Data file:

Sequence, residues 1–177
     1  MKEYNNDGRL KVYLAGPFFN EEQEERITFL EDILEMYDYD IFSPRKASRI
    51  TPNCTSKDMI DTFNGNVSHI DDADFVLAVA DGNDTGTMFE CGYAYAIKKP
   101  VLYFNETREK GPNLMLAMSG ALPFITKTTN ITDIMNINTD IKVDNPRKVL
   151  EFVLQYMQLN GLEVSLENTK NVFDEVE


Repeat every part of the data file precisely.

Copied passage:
Sequence, residues 1–177
     1  MKEYNNDGRL KVYLAGPFFN EEQEERITFL EDILEMYDYD IFSPRKASRI
    51  TPNCTSKDMI DTFNGNVSHI DDADFVLAVA DGNDTGTMFE CGYAYAIKKP
   101  VLYFNETREK GPNLMLAMSG ALPFITKTTN ITDIMNINTD IKVDNPRKVL
   151  EFVLQYMQLN GLEVSLENTK NVFDEVE